‘Until the other night we had nothing to go on,’ Ellen said. ‘The attack in her house has changed things. But she already knows that, so why speak to the press?’
Before Raj could answer, the door swung open and Nichols strode to the lectern. He stood for a moment, surveying the room with obvious disdain as he waited for the chattering to die down. His gaze moved around the room, landed on Ellen and slid across to Abby. Briefly, so brief Ellen was certain no one else saw it, Nichols’ eyes dropped to Abby’s chest before he lifted his head and moved on to the rest of the room.
The room grew quiet. Nichols cleared his throat – delicately – and began.
‘Thank you for joining me this morning at such short notice. I know we’re all busy, so I’m not planning to keep any of you longer than is necessary. However, I felt it was important to bring you together this morning to share some very exciting news. Yesterday afternoon we completed the recruitment process for a new Detective Chief Inspector.’
Nichols paused for dramatic effect, did something with his face that might have been a smile, and continued.
‘As you all know, our esteemed colleague Detective Chief Inspector Edward Baxter took early retirement this year due to ill health. The task of finding a suitable replacement has taken time. It has been imperative to choose the right individual to lead CID through these turbulent times of spending reviews and rising crime. We received many applications’ – his eyes slid back momentarily to Ellen – ‘and choosing the best candidate from a selection of such high-calibre individuals was a challenge.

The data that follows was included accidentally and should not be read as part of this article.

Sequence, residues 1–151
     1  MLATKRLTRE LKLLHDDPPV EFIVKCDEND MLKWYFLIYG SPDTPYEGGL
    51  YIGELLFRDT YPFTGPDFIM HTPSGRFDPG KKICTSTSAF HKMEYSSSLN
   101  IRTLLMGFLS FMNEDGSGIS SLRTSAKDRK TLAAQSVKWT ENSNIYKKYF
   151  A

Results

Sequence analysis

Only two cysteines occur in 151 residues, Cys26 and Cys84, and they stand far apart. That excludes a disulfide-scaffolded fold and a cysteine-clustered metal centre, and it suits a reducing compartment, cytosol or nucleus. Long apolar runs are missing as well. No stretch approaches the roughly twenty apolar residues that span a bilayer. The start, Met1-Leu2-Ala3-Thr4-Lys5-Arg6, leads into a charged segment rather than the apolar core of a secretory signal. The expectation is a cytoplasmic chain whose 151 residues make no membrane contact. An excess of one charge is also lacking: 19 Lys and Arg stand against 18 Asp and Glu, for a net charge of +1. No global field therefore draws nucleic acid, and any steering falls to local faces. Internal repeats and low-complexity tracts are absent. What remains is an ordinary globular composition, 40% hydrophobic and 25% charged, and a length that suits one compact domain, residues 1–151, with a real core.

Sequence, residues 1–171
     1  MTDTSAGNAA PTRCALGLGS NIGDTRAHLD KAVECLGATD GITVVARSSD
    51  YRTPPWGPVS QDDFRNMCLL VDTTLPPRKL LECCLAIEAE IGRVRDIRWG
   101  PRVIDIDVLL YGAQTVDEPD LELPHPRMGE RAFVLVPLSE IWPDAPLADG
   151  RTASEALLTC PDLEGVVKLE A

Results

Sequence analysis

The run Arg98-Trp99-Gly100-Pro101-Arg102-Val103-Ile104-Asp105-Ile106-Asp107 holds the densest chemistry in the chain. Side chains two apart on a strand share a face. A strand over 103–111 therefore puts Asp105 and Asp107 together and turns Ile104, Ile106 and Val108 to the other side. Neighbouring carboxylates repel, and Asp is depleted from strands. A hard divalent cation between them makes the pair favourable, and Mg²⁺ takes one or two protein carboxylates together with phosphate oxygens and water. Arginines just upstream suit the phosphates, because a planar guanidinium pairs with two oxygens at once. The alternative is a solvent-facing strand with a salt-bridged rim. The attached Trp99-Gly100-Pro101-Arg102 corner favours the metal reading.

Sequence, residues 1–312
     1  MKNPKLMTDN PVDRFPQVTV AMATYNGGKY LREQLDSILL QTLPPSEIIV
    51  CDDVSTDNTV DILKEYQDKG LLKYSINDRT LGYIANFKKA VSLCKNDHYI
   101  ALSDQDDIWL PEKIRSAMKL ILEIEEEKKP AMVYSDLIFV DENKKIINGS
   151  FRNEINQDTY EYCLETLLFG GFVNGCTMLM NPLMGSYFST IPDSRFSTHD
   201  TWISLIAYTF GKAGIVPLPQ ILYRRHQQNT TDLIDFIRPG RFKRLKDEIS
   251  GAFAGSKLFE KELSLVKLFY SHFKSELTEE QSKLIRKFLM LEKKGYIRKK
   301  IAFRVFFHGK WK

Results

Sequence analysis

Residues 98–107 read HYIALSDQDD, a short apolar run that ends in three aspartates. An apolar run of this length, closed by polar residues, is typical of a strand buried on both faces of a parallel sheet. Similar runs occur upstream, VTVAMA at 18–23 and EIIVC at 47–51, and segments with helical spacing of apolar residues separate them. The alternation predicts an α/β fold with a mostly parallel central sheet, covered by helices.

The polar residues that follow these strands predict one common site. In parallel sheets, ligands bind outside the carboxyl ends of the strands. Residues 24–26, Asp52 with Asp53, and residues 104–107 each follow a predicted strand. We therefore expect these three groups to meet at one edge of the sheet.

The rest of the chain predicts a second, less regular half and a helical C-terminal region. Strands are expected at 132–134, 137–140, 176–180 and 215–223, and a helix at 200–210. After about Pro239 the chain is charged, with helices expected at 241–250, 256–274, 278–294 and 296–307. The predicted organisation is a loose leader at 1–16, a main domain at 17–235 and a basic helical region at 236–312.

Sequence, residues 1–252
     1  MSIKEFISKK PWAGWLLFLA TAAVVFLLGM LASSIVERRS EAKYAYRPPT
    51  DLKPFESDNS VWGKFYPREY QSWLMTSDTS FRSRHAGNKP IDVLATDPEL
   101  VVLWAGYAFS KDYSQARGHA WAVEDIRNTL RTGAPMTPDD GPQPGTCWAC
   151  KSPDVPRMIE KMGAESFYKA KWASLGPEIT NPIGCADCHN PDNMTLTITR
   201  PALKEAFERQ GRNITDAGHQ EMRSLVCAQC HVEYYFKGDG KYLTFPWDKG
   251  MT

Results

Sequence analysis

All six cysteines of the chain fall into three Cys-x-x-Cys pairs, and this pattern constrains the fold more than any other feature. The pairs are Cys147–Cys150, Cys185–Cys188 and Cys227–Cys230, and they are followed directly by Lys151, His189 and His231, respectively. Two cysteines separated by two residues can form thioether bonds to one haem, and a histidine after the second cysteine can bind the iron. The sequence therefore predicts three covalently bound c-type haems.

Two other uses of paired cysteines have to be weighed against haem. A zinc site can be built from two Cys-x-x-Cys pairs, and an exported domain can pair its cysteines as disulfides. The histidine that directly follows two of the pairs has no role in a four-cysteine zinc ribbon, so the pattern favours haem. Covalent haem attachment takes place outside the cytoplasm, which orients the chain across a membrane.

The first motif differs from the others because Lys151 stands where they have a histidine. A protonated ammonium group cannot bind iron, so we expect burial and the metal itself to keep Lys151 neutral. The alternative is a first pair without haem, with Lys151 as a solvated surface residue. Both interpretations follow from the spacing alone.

‘But I’m delighted to announce we have made our decision and, with no further delay, let me please introduce the newest addition to our CID team…’
Nichols paused again and turned his attention to the door. Along with every other person in the room, Ellen watched in silence as a tall, blonde woman walked in and joined Nichols at the lectern.
Like Nichols, the woman looked around the room at the men and women gathered there. Unlike Nichols, when she reached Ellen, her face softened and she smiled. Ellen might have smiled back. She wasn’t sure. The shock of recognising her new boss had taken over everything else.
Nichols was a tall man but, standing alongside him, the woman was just as tall. This was partly due to the red stilettos she wore. Ellen could just see the toes peeking out beneath her immaculately cut, flared black trousers. The shoes, Ellen knew because she’d been told this before, were Vivienne Westwood.
‘Hello,’ the woman said. ‘My name is DCI Geraldine Cox. I’m very pleased to meet you all.’
Nathan knew he’d never survive another night on the sofa. He ached all over, neck so stiff it was agony to move his head. It had been worth it, though. Lying there all night, knowing she was sleeping so close by. He could hear her breathing, the gentle sound of it soothing him on the lumpy, uncomfortable sofa. Besides, he was used to getting by without much sleep.
Soon after it started to get bright he had an idea. A surprise for her. A burglar alarm. He’d sort it today. No arguments. Get one of those fancy ones that connected to the police station. If that didn’t show her how much he was willing to do for her, he didn’t know what would.